5. Use steel-cut oats – Oatmeal can be incredibly nutritious, but the flavored pre-made versions can be loaded with added sugar. They also are more heavily processed, and so likely won’t hold you over nearly as long as the hearty steel-cut version.
Try making steel-cut oats instead and add a sprinkle of cinnamon and fruit for natural sweetness (and more steady energy).
6. Swap your beverages – Instead of soda or juice, you can try sparkling water with lemon or lime.
7. Enjoy healthier sweets – Instead of cookies or other sweets at night, try one bite of dark chocolate or a small handful of dark chocolate almonds. Frozen fruit with a dollop of whipped cream is also a yummy option.
These options satisfy a sweet craving, but with much less added sugar.
While indirect, there is a definite link between sugar and fertility for both men and women.
There are still unanswered questions, and more research is needed to confirm how much of an impact sugar plays in fertility outcomes.
Based on the available research, lower is better and it’s best to stick to a general recommendation of a maximum of 6 teaspoons of added sugar per day for women and 9 teaspoons per day for men.
Always speak to your doctor and registered dietitian to determine what amount of sugar is safe for you, and how it fits into your overall fertility plan.
Next Steps to Consider
- Consider your current sugar intake and whether or not it might be impacting your fertility. Consult with a registered dietitian for a healthy diet and sugar intake guidance to optimize your fertility.
- Looking for meals without added sugars? Try 2 weeks free of Prep Dish meal plans for easy, tasty meals to support you on your fertility journey.
- If you need more guidance, learn how our 6-Week Moving Forward program can support you in your fertility journey.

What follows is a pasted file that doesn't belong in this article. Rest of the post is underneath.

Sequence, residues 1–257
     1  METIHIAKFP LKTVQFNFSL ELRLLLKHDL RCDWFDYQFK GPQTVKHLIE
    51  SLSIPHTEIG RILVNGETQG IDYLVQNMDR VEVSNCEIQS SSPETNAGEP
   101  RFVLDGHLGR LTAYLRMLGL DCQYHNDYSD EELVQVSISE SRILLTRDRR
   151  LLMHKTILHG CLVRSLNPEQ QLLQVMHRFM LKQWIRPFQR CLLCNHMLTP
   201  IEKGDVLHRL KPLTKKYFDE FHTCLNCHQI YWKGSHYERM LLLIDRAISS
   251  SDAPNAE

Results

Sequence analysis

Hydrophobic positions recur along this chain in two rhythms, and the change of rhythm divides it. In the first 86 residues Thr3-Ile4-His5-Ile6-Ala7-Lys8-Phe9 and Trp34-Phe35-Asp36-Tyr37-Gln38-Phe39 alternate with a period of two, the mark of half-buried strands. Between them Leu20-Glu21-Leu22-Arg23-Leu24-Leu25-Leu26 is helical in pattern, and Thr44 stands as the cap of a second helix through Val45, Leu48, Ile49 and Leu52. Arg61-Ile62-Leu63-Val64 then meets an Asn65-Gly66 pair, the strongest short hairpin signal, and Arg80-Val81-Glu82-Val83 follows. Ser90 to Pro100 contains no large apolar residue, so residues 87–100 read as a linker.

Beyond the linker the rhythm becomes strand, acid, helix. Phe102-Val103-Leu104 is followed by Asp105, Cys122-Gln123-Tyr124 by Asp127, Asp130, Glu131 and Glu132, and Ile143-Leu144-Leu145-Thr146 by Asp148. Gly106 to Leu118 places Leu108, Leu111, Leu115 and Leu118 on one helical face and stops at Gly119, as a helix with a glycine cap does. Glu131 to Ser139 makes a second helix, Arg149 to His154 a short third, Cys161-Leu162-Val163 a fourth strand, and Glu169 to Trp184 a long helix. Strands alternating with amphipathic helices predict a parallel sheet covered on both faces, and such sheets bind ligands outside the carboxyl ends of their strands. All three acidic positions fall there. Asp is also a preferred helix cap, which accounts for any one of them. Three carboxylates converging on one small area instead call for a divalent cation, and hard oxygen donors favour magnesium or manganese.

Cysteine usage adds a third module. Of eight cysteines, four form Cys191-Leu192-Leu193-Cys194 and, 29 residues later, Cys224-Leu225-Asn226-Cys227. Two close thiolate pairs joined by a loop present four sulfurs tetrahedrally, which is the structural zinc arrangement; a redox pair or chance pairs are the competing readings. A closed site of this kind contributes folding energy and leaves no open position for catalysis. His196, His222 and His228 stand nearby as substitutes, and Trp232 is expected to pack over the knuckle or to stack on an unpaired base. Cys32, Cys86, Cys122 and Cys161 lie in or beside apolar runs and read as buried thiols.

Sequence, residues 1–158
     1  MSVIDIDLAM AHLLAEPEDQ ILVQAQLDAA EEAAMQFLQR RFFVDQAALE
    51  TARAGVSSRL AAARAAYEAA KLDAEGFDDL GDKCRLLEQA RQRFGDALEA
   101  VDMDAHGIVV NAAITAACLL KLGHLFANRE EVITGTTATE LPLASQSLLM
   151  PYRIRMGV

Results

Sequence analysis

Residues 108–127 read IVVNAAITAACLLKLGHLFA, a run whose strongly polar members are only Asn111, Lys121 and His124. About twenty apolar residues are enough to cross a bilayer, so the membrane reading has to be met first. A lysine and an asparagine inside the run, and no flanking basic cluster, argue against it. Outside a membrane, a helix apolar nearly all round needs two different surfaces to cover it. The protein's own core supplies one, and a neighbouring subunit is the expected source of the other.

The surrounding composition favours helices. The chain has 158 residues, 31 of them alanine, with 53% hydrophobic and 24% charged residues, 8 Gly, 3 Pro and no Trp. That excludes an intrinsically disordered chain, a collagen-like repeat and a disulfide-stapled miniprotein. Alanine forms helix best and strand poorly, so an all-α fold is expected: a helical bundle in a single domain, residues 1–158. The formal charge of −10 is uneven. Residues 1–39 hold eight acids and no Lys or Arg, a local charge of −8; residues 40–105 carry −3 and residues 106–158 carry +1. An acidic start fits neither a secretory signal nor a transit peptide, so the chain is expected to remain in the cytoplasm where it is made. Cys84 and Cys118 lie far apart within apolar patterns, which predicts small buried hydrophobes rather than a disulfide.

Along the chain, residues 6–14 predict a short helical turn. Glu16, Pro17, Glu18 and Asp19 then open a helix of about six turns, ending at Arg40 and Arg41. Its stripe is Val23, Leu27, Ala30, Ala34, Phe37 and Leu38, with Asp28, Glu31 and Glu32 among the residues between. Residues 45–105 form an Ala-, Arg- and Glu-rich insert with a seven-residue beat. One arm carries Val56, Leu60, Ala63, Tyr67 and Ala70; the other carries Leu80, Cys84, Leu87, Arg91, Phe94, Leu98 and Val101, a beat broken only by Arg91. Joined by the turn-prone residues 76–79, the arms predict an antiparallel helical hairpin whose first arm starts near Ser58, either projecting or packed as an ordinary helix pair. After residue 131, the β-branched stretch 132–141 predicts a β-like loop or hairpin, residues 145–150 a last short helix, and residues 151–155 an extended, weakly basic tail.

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|⇧2||Gaskins AJ, Chavarro JE. Diet and fertility: a review. Am J Obstet Gynecol. 2018 Apr;218(4):379-389. doi: 10.1016/j.ajog.2017.08.010. Epub 2017 Aug 24. PMID: 28844822; PMCID: PMC5826784.|
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|⇧6||Efrat, M., Stein, A., Pinkas, H. et al. Sugar Consumption Is Negatively Associated with Semen Quality. Reprod. Sci. 29, 3000–3006 (2022). https://doi.org/10.1007/s43032-022-00973-4|
|⇧7||Faruque S, Tong J, Lacmanovic V, Agbonghae C, Minaya DM, Czaja K. The Dose Makes the Poison: Sugar and Obesity in the United States – a Review. Pol J Food Nutr Sci. 2019;69(3):219-233. doi: 10.31883/pjfns/110735. PMID: 31938015; PMCID: PMC6959843.|
|⇧8||Skoracka K, Ratajczak AE, Rychter AM, Dobrowolska A, Krela-Kaźmierczak I. Female Fertility and the Nutritional Approach: The Most Essential Aspects. Adv Nutr. 2021 Dec 1;12(6):2372-2386. doi: 10.1093/advances/nmab068. PMID: 34139003; PMCID: PMC8634384.|
|⇧9||Ajami M, Seyfi M, Abdollah Pouri Hosseini F, Naseri P, Velayati A, Mahmoudnia F, Zahedirad M, Hajifaraji M. Effects of stevia on glycemic and lipid profile of type 2 diabetic patients: A randomized controlled trial. Avicenna J Phytomed. 2020 Mar-Apr;10(2):118-127. PMID: 32257884; PMCID: PMC7103435.|